Let me preface this review by saying I am in love with Laura Marling. I have been since 2013, when she enchanted the entire tent at Splendour in the Grass. Her songwriting shows wisdom and depth beyond her years, and many of her songs make me feel like they’ve been written just for me. I’ve often wondered how the hell Laura knows what’s going on in my life, and how she knows just what to say to make me feel better.
Having said that, her previous album Short Movie made me feel that she’d lost her way, which was the case. She said in a recent interview that she quit music to be a yoga teacher around that time, and her uncertainty came through in that album.
This is not the case for Semper Femina. The album is consistent, the arrangements strong, and the lyrics deep and stirring. Opener “Soothing” starts with a low drum beat, jaunty bass line, and layers slowly throughout the first verse, adding only her vocals, and then strings in the first chorus. The different percussion instruments paired with her high pitched vocals give the song a haunting feeling, and as she sings “I need soothing, my lips aren’t moving” in the second chorus, the strings add to this. The instrumental section between the bridge and the end of the song adds a new percussion line every few bars, while the bass line and strings continue as they were throughout the whole song.
“The Valley”, a slow ballad with a quick acoustic guitar line, and a string and bass arrangement doesn’t seem like much at the beginning. Marling’s vocals have a small range, she sings slowly, and the instruments repeat themselves throughout. But as the song builds, Marling’s lyrics tell a story:
“Perhaps she’s had too much of love, can be a sickly thing. That’s why she mourns the morning dew, and the newness that it brings. She sings in the valley in the morning, many a morning I have woke, longing to ask her what she’s mourning. Of course I know it can’t be spoke.”
These lyrics, combined with the strings’ key change, give me shivers up my spine. The first time I listened to this song, I had to stop what I was doing and close my eyes to experience it completely.
“Wild Fire” has an accusing tone in its lyrics, despite its pleasant and easy arrangement: “You always say you love me most, when I don’t know I’m being seen. Well maybe someday when God takes me away, I’ll understand what the fuck that means. I just know your mama’s kinda sad, and your papa’s kinda mean. I can take it all away, you can stop playing that shit out on me.” The last chorus has one hell of a key change and she repeats “Me,” until the song fades to an end.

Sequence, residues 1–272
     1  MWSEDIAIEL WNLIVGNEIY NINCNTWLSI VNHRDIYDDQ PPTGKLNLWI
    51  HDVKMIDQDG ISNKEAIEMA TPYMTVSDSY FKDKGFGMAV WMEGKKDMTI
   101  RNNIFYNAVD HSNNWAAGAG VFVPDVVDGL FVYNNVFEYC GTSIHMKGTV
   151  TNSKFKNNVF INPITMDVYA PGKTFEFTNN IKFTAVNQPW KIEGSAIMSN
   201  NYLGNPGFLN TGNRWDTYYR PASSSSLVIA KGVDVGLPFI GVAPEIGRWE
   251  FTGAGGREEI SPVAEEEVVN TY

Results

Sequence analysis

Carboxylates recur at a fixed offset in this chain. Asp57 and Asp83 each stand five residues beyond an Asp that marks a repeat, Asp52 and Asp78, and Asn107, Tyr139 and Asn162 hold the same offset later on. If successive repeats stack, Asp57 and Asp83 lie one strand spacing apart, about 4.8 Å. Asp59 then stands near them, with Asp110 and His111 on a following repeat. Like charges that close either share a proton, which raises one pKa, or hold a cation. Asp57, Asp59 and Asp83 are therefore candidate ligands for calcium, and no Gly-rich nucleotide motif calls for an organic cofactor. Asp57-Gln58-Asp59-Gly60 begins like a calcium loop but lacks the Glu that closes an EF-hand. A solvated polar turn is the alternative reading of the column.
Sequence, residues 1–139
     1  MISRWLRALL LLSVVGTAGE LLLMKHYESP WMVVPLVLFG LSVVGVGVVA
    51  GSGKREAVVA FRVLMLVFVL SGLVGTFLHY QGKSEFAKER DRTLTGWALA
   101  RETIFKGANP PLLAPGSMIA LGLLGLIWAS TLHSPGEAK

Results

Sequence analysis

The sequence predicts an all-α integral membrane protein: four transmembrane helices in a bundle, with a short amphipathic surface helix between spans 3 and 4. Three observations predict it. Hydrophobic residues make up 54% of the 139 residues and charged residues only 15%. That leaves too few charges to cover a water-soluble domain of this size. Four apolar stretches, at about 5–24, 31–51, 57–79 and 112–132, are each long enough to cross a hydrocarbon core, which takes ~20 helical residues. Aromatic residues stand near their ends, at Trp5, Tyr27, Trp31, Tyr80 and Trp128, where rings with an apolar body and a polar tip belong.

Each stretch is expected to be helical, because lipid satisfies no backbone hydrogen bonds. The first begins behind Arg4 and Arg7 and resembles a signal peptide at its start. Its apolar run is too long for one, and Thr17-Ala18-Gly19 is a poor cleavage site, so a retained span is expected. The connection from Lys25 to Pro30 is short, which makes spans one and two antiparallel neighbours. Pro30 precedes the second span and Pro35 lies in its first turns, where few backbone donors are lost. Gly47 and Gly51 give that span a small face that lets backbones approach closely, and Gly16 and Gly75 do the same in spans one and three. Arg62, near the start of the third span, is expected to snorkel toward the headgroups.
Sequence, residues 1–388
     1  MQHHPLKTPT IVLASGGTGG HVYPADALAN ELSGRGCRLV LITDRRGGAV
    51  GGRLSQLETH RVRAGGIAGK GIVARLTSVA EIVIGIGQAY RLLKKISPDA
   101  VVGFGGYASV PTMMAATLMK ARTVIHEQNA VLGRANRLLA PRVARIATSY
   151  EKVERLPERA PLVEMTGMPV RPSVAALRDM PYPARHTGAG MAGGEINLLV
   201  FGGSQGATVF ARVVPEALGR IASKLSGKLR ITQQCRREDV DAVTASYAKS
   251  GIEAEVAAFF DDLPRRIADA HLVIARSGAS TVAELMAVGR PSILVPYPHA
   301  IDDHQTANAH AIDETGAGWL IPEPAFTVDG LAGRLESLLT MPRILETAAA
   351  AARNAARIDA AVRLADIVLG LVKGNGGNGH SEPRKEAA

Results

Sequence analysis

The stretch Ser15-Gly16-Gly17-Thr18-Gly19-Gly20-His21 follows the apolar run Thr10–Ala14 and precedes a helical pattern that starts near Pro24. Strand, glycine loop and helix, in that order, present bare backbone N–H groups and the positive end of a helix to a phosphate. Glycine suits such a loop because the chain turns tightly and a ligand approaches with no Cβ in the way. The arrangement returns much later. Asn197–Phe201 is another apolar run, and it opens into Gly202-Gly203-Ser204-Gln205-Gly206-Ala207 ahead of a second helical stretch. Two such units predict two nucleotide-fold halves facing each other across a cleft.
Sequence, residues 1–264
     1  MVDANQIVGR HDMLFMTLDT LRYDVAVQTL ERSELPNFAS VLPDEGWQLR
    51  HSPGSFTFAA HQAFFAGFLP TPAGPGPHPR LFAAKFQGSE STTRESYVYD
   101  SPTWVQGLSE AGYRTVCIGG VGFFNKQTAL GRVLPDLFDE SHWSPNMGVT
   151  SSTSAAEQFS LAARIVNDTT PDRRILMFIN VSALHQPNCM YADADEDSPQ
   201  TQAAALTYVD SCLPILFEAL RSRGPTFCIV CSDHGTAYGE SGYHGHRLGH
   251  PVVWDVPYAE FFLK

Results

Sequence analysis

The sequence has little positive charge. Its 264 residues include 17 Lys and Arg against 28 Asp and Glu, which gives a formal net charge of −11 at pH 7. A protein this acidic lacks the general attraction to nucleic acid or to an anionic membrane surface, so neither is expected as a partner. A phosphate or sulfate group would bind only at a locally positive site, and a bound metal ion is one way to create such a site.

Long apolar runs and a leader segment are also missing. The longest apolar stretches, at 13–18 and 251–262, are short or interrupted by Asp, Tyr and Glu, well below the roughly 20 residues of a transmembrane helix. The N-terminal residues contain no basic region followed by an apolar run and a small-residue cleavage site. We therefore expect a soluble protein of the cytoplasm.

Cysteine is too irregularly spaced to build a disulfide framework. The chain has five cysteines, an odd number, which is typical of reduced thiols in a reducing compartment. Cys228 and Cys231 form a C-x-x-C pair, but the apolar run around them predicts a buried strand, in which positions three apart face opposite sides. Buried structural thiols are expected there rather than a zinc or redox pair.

“Wild Once” has a quick acoustic guitar line, a quick bass line, and a lower vocal register. Strings and keys are added to the arrangement as the song continues, but strips back down to strings and guitar only as her vocals gain urgency in the outro, as she sings: “Well there is something just beneath, there is something just beneath. Something shy and hard to see, it’s a ring that is clean. It’s a ring.”
The rest of the album is a mix between upbeat, acoustic, and heavy string-arrangements in “Next Time” and “Nouel”, and the slower, nostalgic “Nothing, Not Nearly” with a chorus sending a warning to others and her past self:
“The only thing I learnt in a year, where I didn’t smile once, not really. Nothing matters more than love, no, nothing, no, not, nothing no, not nearly. We’ve not got long, you know. To bask in the afterglow. Once it’s gone it’s gone. Love waits for no one.”
The album is only nine songs long, but has the impact of an album twice that length. The mixture of story-telling, despair, and wanting in these songs – mixed with layered, dense string arrangements – makes it feel longer, like a long journey through someone’s diary.
It’s always going to be hard for me to be objective about Laura Marling. But this album is (objectively) one of her strongest, and one of the year’s best to date. I haven’t had an album grab me like this – and make me listen to it on repeat – in a very long time. Given its feminist themes and the title that – when loosely translated – means “Always female” Semper Femina will be remembered for being a commentary of its time. Remember that aspect of it, it’s important. But also remember the way you felt the first time you listened to it. That’s where the real magic comes from.
Review Score: 9.6 out of 10.
Semper Femina is out now.